The IAM web site 46 displays a list of business entities with which consumer 30 has specified a desire to establish a business relationship. A method to remove business entities from this list is also provided, in one example by consumer 30 selecting a check box next to an entity with a pointing device such as a mouse. Consumer 30 may also specify an expiration period for each entry which corresponds to a business entity on the list. A default expiration period, in one example 90 days, may be specified, or different expiration periods may be specified for each entry on the list, for example by selecting among a plurality of radio buttons having respective values of 30, 60, and 90 days with a pointing device such as a mouse, or typing a value using a data entry field.
Subsequent to specifying a desire to establish a business relationship with a business entity using the IAM web site 46, consumer 30 may follow a routine process, in one example completing, signing, and mailing a credit card application, to make a request, represented at 70, for a product or service from the business entity. Upon receiving the request from consumer 30, the business entity performs a check, represented at 72, with the IAM to determine if consumer 30 has specified a desire to establish a business relationship with the business entity. The check may be performed by an employee of the business entity by signing onto the IAM web site and entering the name and/or other identifying information of consumer 30 to run a query so as to determine if consumer 30 has, in fact, specified a desire to establish a business relationship with the business entity. The response, represented at 74, that a business entity receives to a check is simply a positive or negative indicator as to whether consumer 30 has specified a desire to establish a business relationship with the business entity; no additional information about consumer 30 is provided by the IAM in response to a check.
If a high volume of checks are to be performed, an Application Programming Interface (hereinafter referred to as “API”) to the IAM may be utilized to perform a check. The API would provide routines that perform a check over a secure network connection, in one example a Secure Socket Layer connection, to the IAM. The routines of the API could be linked to business entity supplied software that is utilized by employees of the business entity for processing requests from consumer 30 for products or services. In an alternative embodiment, the API could be used by special, trusted business entities, in one example credit reporting bureaus, to include in a report, in one example a credit report, information on all the business entities with which consumer 30 has specified a desire to establish a business relationship.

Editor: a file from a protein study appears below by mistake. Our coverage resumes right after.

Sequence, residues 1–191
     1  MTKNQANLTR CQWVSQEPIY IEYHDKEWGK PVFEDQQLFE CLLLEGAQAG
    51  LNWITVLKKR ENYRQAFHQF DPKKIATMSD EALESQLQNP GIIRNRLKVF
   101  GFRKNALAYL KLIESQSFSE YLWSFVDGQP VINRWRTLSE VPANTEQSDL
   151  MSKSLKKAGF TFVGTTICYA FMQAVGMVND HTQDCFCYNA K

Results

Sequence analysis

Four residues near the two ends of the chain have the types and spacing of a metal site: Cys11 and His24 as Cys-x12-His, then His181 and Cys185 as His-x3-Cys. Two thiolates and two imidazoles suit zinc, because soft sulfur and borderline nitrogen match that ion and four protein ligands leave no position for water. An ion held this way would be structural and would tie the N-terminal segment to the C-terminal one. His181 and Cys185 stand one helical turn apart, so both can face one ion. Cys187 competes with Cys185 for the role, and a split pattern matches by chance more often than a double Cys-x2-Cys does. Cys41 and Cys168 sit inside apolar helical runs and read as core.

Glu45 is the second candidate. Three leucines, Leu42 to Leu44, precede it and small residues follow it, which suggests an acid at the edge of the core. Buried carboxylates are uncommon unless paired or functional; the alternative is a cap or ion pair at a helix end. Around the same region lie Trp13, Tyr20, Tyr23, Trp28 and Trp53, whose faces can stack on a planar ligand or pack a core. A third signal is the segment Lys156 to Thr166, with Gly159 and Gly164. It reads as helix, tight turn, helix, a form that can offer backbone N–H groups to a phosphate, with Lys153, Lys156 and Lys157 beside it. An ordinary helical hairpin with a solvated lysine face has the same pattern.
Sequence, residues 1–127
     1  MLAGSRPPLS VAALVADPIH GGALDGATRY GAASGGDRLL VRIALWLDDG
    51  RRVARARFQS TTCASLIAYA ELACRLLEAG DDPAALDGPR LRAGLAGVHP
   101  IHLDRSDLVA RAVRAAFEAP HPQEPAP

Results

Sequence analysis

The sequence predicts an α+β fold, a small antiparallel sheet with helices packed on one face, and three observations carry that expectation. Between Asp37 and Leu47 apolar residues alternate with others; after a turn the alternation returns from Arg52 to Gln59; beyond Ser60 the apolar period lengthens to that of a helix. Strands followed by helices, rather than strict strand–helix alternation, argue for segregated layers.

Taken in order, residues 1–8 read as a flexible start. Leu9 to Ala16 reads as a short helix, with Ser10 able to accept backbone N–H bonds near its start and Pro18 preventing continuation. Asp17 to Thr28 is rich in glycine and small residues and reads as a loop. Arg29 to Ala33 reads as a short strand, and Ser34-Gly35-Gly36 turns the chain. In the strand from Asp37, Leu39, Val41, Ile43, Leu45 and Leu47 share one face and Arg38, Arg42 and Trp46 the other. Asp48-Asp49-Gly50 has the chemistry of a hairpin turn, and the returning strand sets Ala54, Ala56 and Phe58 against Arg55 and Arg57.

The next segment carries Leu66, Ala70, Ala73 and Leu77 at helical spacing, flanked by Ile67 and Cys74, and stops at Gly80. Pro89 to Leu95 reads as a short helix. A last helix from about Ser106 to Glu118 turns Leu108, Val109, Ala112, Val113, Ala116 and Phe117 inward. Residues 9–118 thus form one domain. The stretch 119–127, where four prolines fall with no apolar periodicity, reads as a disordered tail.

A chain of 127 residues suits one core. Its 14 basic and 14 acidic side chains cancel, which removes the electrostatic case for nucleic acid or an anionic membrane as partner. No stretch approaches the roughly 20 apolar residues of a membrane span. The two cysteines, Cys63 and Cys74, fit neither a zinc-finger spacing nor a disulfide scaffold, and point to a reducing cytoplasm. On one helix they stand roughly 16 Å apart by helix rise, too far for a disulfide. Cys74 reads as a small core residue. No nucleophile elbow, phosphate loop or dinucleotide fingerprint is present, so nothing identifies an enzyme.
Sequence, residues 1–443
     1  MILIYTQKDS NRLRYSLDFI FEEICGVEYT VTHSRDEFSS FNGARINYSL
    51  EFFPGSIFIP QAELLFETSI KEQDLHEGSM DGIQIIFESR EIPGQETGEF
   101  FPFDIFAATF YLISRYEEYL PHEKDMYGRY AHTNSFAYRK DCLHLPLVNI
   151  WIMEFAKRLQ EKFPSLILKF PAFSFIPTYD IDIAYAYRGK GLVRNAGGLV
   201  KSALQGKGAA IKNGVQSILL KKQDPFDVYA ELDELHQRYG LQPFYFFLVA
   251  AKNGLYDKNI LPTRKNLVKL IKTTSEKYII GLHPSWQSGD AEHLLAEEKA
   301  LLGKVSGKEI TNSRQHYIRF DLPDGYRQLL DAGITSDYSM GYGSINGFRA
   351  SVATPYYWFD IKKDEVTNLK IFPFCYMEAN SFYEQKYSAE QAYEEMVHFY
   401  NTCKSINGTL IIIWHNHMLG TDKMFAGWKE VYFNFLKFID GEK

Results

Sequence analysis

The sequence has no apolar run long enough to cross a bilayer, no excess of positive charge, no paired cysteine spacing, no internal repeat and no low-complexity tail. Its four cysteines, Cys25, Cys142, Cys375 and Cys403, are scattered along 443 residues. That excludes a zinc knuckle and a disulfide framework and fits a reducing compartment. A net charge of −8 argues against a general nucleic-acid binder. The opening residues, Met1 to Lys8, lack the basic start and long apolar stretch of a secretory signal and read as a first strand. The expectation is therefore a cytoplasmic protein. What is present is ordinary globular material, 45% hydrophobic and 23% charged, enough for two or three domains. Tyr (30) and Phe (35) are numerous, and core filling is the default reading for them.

If a business entity has not already registered at the LAM web site, a registration, represented at 76, may be performed with a business entity account number and a temporary password being sent to the business entity at an e-mail address specified during registration. The business entity may complete the registration by using the account number and temporary password to specify a new password. A fee may be charged to the business entity for both registration and each check that is performed by using, for example, a credit card or by sending an invoice via the U.S. Postal Service to the business entity. Both business entity and consumer registrations are stored in at least one secure, encrypted database.
As indicated hereinabove, it should be understood that the present invention can be realized in hardware, software, or a combination of hardware and software. Any kind of computer/server system(s)—or other apparatus adapted for carrying out the methods described herein—is suited. A typical combination of hardware and software could be a general purpose computer system with a computer program that, when loaded and executed, carries out the respective methods described herein. Alternatively, a specific use computer, containing specialized hardware for carrying out one or more of the functional tasks of the invention, could be utilized.
While it is apparent that the invention herein disclosed is well calculated to fulfill the objects stated above, it will be appreciated that numerous modifications and embodiments may be devised by those skilled in the art, and it is intended that the appended claims cover all such modifications and embodiments as fall within the true spirit and scope of the present invention.
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|U.S. Classification||726/6, 705/50|
|International Classification||G06F17/30, H04L29/06, G06F7/04, G06F15/16|
|Cooperative Classification||H04L63/0823, H04L29/06, H04L63/083|
|European Classification||H04L29/06, H04L63/08D, H04L63/08C|
|Oct 28, 2004||AS||Assignment|
Owner name: INTERNATIONAL BUSINESS MACHINES CORPORATION, NEW Y
Free format text: ASSIGNMENT OF ASSIGNORS INTEREST;ASSIGNOR:KAPLAN, ROBERT A.;REEL/FRAME:015301/0503
Effective date: 20040624
|Jan 16, 2015||REMI||Maintenance fee reminder mailed|
|Jun 7, 2015||LAPS||Lapse for failure to pay maintenance fees|
|Jul 28, 2015||FP||Expired due to failure to pay maintenance fee|
Effective date: 20150607